Our blood also referred to as the peripheral blood, is composed of a variety of components that facilitate the transportation of oxygen, nutrients and hormones and also discards waste products like carbon dioxide. The different components in the blood like plasma, red blood cells, white blood cells and platelets help the blood conduct its functions. Similarly, umbilical cord blood (UCB) contains the same components, with the main difference being that the amount of stem cells in the cord blood is much higher compared to peripheral blood (5).
In the past, the umbilical cord and its blood were considered to be biological waste. However, in 1988, umbilical stem cells were successfully derived and used in the clinic on a 6-year-old boy who suffered from anemia. Shortly after, the first private cord blood bank in the world (5) called Cryo-Cell was established in 1989 and is still internationally recognized as a well-established cord blood bank (6). Even though UCB isn’t the only place where stem cells can be extracted, the quality of stem cells is better compared to the stem cells found in other places including bone marrow and peripheral blood. The amount of stem cells from UCB required for transplantation is 10 times less compared to the number of stem cells found in peripheral blood and bone marrow. In addition, the number of HSCs in 80 to 120ml in UCB is equivalent to the number of HSCs in 1200ml of bone marrow. This reinforces the need for the SC derived from UCB (5).
Stem Cells in Umbilical Cord Blood
Many types of cells make up the human body including red blood cells, muscle cells, and epithelial cells. All these cells are defined as differentiated cells as they already have a specific role and function in the body. Alternatively, stem cells can be classified as undifferentiated or unspecialized cells as they can divide to develop into different cell types depending on the type of stem cell. For a cell to be classified as a stem cell, it needs to be able to either self-renew or differentiate during cell division. Cell division is a process which occurs in all cells, both specialized and unspecialized, and is where the cell splits into two daughter cells. Self-renewal refers to a stem cell that produces another stem cell during cell division. On the other hand, differentiation is the term used for cells which have differentiated into specialized cells. The process of differentiation also occurs during cell division (7). More information about stem cells can be found in another Personalize My Medicine article written by Lovisa Lindquist.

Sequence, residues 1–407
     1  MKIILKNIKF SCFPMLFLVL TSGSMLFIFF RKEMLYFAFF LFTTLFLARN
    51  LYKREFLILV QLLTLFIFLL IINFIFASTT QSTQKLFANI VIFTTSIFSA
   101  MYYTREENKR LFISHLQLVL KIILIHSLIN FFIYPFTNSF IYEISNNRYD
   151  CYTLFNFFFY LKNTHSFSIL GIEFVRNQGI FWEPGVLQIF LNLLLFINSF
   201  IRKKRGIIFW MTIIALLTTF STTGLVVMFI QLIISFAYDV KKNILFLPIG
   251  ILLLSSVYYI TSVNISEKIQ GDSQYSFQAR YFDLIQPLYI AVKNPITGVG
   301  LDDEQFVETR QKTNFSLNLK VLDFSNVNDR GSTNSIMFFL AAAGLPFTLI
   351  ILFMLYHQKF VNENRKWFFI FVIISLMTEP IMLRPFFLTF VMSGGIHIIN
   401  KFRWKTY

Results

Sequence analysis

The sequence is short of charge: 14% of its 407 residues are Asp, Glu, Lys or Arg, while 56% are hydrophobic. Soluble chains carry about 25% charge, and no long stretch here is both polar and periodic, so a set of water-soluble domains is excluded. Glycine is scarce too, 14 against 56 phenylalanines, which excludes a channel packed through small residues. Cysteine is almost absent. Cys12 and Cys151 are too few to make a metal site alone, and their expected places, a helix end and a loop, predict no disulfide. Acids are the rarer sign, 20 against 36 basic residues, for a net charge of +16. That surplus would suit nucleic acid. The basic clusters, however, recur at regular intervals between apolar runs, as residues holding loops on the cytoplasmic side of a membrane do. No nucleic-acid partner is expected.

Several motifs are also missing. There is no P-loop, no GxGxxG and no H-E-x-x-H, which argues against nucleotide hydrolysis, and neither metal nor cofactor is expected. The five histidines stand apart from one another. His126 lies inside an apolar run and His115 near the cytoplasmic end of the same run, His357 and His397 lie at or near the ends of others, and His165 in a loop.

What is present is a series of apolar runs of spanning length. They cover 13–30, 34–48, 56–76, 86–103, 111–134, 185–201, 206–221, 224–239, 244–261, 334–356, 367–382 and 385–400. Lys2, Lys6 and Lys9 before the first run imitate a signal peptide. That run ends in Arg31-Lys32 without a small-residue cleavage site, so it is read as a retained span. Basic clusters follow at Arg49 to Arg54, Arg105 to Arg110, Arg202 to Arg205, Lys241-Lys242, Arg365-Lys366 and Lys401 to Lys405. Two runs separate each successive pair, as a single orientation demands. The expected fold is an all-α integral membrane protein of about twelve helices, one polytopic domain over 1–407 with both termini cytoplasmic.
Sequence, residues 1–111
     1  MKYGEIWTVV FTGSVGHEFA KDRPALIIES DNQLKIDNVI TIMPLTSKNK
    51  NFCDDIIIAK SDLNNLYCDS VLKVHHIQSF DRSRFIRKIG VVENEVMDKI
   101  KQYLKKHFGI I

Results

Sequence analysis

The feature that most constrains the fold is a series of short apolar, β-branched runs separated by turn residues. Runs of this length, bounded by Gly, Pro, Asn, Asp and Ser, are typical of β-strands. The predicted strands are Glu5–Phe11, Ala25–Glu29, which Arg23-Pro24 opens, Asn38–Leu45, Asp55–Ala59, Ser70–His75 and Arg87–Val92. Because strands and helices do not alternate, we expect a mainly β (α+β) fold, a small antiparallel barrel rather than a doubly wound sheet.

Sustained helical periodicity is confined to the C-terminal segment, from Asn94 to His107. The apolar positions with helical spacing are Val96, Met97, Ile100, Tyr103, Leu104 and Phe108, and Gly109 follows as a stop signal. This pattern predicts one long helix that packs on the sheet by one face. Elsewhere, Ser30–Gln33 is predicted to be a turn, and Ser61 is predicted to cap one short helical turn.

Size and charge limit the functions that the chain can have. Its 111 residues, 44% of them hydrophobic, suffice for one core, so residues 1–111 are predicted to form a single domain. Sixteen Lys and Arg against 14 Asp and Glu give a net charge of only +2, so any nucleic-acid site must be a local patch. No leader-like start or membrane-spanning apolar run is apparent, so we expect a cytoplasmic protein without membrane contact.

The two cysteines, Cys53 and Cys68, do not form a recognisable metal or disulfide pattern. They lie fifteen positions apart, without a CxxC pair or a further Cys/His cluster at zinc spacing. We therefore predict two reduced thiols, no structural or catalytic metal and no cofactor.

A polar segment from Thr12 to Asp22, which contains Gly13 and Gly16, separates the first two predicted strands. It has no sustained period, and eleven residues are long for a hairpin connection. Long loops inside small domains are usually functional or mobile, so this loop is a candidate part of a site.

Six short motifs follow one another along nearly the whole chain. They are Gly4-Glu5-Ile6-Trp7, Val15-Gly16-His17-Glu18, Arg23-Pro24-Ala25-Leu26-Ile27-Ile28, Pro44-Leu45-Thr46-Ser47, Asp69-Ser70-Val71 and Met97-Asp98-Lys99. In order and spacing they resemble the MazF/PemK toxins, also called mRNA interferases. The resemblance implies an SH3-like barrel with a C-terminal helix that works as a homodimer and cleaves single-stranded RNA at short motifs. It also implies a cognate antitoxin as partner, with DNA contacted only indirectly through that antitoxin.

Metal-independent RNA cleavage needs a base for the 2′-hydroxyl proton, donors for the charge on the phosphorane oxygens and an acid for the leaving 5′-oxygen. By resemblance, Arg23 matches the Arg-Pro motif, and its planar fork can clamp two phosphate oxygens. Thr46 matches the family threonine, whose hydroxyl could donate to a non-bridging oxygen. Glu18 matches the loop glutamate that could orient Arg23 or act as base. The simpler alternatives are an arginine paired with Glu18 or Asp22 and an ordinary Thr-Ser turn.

Figure 2 Differentiation of hematopoietic stem cells (HSCs) and mesenchymal stem cells (MSCs) derived from umbilical cord blood. HSCs differentiate into common myeloid progenitor (CMP) cells that later further differentiate into two other different cell times that further differentiate into numerous cells. This contrasts with MSCs, which differentiate into 5 different types of cells initially. Made in BioRender.
Umbilical cord blood (UCB) is comprised of a variety of different types of stem cells all of which can differentiate into various cells possessing a wide range of properties that could aid in the treatment of numerous diseases. The main types that have been studied the most intensively are Hematopoietic stem cells (HSCs) and Mesenchymal stem cells (MSCs). These types of stem cell have unique properties in the way that they to differentiate into different types of cells that can be used in the treatment of various diseases. HSCs can differentiate into a variety of blood cells to treat blood-associated diseases such as leukemia and anemia. MSCs differentiate into a variety of tissue types and can be used during tissue regeneration (8).
Hematopoietic stem cells (HSCs)
HSC are a type of immature cells that self-renew and can differentiate into all types of blood cells. HSC play an especially vital role throughout the lifetime of organisms as all lineage blood cells can be produced by the multipotent HSC. This includes the production of red blood cells (cells that transport oxygen around the body), platelets (cells that help with the control of bleeding) and white blood cells (cells used for the immune system). Examples of other blood cell types that can be produced from HSC are illustrated in Figure 2. Due to the diverse potential of HSC and their importance, they can be used in the treatment of many blood-related disorders including leukemia and sickle cell disease (9).
Mesenchymal Stem Cells (MSCs)
MSCs are stromal cells with a variety of properties such as self-renewal and multilineage differentiation. Stromal cells are cells that make up the connective tissue which is the tissue supporting tissues and many organs. The majority of the MSCs can be derived from Wharton’s Jelly in abundance, but some can be found in UCB. Some of the cells that can be differentiated from MSCs are illustrated in Figure 2 including adipose, cartilage and bone cells.